Trading mechanisms and market frictions. Microstructure of the financial markets
The article reviews the main state-of-the-art economic theories of market transactions. It follows the literature on the microstructure of financial markets in describing the various trading mechanisms under market frictions. The analysis is confined to markets in secondary financial assets. Within a unified microeconomic framework, the authors introduce the most common approaches of decentralized market-trading theories such as search and bargaining, middlemen, and trading in networks. They then investigate the principal theories of centralized trading, such as the behaviour of the market makers and trading explanations related to order-driven markets. The study reports the trading volume of the financial markets by microstructures and by asset classes.
How does imperfect knowledge of pension rules affect workers’ decisions?
Part one of the paper outlines Benitez-Silva, Demiralp and Liu’s 2009 work on how exactly US workers know the social security rules and how to model the impact of imperfect knowledge on their decisions. Part two applies their approach to the Hungarian situation, presenting previous relevant studies by Csontos, Kornai and Tóth in 1996, Ágoston and Kovács in 2007 and Czibik and Medgyesi in 2007. The impact of imperfect knowledge of the pension rules on individual decisions is modelled in two frameworks, and three special models are discussed. Documented in an appendix are permanent changes in the main rules, which undermine the satisfactory level of their knowledge.
Financial stability concerns and global exposure of monetary policy
The monetary policy practices of leading developed economies may influence significantly the national policies of emerging market economies, through globally interconnected money and financial markets. Both monetary transmission mechanisms and conditions for macro-financial stability have changed in recent years. Although free capital movements and financial globalization have been around for a long time, there are now some new challenges to monetary policy, including risk of sudden stops and reversals in capital flows, triggered by fixed-income securities investment funds. Investors’ attention to yield behaviour alters monetary-policy transmission by introducing a new channel dubbed by Hanson and Stein in 2012 as the recruitment channel. This differs from the traditional interest-rate and expectation channels. The other outcome of global interconnection of financial markets is shown in the move from a focus on solely domestic factors of inflation to a wider stability mandate, including price stability and financial stability. In response to the global financial crisis, interest rates fell in most countries and investment funds seeking yields turned to bonds, increasing their exposure to longer maturity dates. This raised their exposure to interest-rate risk. Globally important central banks will increase their interest rates, but at low interest rates a relatively small increase may lead to significant losses in longer-term portfolios. Investment funds seeking to minimize losses by shortening their portfolio durations may trigger abrupt changes in capital flows. Increased volatility may undermine financial stability. This type of stability risk is independent of a country’s liquidity situation or whether banks are well capitalized or profitable. Such risks cannot be managed with macro-prudential tools.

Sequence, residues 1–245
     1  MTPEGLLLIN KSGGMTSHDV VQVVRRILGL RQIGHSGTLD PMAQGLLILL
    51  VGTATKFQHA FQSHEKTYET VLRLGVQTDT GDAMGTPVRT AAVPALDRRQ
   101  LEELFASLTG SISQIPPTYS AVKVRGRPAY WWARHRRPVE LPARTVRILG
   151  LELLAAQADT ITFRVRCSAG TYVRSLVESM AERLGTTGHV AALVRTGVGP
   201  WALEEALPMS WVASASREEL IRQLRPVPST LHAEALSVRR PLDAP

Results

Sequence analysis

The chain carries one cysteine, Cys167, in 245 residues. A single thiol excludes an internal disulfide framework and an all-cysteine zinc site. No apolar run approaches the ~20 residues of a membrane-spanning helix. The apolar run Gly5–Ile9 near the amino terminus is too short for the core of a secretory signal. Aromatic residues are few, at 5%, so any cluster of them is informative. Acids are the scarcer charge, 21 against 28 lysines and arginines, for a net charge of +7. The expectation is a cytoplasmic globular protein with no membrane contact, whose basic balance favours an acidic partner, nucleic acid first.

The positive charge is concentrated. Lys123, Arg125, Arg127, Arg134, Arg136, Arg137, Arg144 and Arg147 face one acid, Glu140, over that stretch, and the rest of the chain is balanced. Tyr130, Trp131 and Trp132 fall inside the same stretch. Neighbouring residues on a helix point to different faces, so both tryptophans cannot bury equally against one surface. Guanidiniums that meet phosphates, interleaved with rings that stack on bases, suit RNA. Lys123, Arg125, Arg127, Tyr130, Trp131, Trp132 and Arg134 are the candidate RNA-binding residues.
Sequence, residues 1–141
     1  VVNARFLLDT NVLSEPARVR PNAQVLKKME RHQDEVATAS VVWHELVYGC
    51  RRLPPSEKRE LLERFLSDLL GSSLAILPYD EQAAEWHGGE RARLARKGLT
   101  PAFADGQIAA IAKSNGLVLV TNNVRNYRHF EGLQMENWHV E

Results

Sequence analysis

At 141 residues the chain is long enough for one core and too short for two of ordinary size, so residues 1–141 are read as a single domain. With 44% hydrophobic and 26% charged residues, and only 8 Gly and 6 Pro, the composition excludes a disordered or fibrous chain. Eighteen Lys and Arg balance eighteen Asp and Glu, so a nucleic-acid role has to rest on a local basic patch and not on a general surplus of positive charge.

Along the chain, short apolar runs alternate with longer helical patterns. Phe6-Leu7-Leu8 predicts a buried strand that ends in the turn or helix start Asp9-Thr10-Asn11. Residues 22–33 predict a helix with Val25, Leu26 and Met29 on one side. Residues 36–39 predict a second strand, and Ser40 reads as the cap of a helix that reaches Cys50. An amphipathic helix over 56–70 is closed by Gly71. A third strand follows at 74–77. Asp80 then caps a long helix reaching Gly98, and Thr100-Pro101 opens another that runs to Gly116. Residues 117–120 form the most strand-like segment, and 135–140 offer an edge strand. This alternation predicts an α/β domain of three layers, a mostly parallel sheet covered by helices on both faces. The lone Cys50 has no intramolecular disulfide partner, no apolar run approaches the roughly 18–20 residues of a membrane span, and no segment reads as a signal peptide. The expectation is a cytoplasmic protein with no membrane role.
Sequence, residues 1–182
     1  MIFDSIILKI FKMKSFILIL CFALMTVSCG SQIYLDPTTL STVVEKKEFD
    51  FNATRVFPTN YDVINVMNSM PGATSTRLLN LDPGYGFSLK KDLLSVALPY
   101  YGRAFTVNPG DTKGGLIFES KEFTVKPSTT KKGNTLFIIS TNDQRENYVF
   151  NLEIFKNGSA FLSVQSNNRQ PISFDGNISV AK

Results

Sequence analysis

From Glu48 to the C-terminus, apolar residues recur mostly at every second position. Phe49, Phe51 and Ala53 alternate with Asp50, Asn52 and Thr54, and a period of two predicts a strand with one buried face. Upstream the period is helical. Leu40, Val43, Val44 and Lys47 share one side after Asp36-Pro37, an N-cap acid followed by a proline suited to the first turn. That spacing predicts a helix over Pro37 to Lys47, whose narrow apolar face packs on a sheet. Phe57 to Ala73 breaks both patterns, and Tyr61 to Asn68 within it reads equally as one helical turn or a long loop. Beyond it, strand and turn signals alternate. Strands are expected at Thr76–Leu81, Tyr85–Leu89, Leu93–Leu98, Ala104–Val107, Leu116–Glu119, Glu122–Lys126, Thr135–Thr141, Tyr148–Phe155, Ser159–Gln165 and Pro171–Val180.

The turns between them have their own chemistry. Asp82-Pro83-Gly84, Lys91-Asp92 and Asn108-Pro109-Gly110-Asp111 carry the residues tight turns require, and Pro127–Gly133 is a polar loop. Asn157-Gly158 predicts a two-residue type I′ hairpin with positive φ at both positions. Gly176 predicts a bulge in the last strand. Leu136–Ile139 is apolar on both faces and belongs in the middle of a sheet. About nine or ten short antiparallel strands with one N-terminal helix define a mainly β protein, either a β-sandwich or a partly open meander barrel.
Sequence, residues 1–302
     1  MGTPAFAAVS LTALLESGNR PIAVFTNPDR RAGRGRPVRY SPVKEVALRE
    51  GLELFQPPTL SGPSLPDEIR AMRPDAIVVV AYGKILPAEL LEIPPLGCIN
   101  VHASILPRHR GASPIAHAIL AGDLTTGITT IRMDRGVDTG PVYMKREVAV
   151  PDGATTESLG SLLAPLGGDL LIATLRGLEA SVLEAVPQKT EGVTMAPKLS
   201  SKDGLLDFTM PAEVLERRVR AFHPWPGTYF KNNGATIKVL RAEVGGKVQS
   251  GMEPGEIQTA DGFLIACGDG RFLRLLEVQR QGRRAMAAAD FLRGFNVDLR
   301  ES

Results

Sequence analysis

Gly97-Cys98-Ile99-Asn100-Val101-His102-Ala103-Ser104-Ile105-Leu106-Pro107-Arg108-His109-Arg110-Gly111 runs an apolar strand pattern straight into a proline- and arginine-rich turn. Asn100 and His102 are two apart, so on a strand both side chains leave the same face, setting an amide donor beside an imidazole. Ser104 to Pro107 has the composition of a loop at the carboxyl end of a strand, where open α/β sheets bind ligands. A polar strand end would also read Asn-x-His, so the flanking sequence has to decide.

Centralization: last chance or a foreshadowing of collapse? On the general nature of planning
Significant similarities can be seen between the Mises, Hayek and Lange planningeconomy debate of the 1930s and the Mintzberg and Ansoff corporate-planning debate of 1990s. Based on the main constituents of these debates, a general model of planning can be formulated that is equally applicable to firms and to national economies. The central elements in the model are the informational and behavioural aspects of resources that define the degree of the centralization of planning. While centralized planning can cause global efficiency, decentralized planning can enforce local adaptation. The excessive pursuit of either extreme may result in failure of organizational operations.